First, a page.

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BP fuels Sealord vessels

5 September, 2012

BP fuels Sealord vessels

BP Oil NZ and Sealord have signed a new supply agreement that will ensure the Nelson-based fishing company has access to the quantities of fuel it needs to run its growing business.

A Sealord trawler, F.V. Thomas Harrison, took on 55,000 litres of light fuel oil (LFO) at Nelson on Sunday as the first of many transactions under the agreement. Today, 400,000 litres of light fuel oil will be transferred to F. V. Professor Aleksandrov in Dunedin.

“We’re proud to be able to offer fuel to Sealord under this agreement,” said BP New Zealand Managing Director, Matt Elliott. “New Zealand’s deep sea commercial fishery is hugely important to our economy and Sealord is responsible for around one third of it.”

“That first load was actually quite a small one,” said Mr. Elliott, “but the 400,000 litres we’re putting into vessels in Dunedin better reflects the volume we’ll be dealing with during each visit.”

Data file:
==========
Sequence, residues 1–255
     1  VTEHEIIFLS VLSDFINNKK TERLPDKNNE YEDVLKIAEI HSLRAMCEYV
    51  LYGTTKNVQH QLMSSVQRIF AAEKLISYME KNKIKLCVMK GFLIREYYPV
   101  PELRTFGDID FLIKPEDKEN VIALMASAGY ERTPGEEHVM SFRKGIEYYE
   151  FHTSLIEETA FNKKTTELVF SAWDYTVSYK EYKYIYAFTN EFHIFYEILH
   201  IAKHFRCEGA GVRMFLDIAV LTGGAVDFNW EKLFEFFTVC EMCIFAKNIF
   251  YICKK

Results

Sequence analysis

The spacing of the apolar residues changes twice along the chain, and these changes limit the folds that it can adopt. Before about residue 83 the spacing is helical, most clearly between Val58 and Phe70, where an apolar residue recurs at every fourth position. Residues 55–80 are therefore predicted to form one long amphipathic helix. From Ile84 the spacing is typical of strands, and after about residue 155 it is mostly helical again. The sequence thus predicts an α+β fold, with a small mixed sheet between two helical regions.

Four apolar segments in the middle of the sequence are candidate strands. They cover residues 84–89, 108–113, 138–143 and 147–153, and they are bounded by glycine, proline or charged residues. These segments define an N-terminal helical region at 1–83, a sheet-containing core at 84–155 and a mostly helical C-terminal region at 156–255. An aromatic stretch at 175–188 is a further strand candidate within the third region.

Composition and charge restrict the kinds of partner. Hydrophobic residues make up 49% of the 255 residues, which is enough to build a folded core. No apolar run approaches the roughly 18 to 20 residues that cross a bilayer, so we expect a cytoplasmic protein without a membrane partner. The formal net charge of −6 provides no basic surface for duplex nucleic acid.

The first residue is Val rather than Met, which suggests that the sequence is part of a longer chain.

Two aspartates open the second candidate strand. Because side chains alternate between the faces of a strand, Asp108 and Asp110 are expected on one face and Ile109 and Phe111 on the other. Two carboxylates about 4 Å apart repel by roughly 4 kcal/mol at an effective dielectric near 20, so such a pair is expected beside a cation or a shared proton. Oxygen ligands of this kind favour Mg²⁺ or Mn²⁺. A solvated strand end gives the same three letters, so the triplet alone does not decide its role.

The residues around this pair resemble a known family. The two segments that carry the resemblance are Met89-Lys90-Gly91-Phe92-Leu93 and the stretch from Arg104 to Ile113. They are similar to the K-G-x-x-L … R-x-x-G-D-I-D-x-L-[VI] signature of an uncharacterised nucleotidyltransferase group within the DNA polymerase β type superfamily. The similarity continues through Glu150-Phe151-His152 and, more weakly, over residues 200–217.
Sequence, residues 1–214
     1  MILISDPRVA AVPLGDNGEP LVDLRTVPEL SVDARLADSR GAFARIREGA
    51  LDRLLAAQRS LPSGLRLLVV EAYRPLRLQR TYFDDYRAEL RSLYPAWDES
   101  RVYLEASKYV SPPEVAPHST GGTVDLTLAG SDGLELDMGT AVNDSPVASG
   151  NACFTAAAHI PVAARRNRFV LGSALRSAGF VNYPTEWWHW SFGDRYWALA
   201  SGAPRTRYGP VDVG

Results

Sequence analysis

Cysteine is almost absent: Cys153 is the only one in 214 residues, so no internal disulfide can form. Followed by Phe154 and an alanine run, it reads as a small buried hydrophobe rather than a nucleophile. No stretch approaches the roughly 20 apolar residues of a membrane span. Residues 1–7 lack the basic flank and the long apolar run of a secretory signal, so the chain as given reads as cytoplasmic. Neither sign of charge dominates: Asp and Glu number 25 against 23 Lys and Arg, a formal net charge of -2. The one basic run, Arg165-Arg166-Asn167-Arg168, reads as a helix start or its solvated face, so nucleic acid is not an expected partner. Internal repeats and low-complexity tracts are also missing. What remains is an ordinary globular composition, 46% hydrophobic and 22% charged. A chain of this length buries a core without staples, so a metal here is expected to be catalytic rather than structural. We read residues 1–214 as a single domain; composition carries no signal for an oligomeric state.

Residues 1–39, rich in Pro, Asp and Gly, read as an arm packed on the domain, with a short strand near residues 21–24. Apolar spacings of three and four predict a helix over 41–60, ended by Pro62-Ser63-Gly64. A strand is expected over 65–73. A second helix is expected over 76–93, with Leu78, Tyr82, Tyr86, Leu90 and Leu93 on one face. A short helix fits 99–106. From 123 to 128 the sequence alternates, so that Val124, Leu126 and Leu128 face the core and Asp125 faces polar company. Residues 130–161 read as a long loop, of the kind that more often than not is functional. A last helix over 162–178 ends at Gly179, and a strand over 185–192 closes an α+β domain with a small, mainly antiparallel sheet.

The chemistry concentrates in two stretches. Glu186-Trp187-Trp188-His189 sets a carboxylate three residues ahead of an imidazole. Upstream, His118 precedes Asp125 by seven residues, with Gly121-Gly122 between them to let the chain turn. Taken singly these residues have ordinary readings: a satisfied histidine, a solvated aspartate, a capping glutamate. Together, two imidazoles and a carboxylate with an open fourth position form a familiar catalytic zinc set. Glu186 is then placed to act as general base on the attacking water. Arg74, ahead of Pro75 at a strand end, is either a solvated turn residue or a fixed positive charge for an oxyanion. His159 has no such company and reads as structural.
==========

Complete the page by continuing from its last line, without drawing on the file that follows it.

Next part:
“And with a newly refurbished tank at our Nelson terminal – exclusively for the use of Sealord vessels – we will always have that volume available to them. A major part of BP’s commitment to Sealord is about security of supply.”

In the past, ships have arrived at port and been unable to get the large amounts of fuel needed. Not only are these vessels required to cover great distances in New Zealand’s often rough seas, they also use fuel as ballast, counteracting the heavy nets they use to haul in the catch.

“BP has assured Sealord their vessel captains can be confident there will be no wasted time in port waiting for fuel to come in,” Mr. Elliott said.

Sealord General Manager New Zealand Fish, Doug Paulin said: “BP has made a commitment to ensure supply, which will improve Sealord’s efficiency and reduce the costs associated with supply uncertainty.”

Each month, on average six of Sealord’s nine ship fleet are expected to dock at either Nelson or Dunedin to take on fuel.

“The agreement between BP and Sealord also means that BP can retain its strong presence in Nelson and Dunedin, and go on contributing to the ports, and to the wider economy,” Mr Elliott said.


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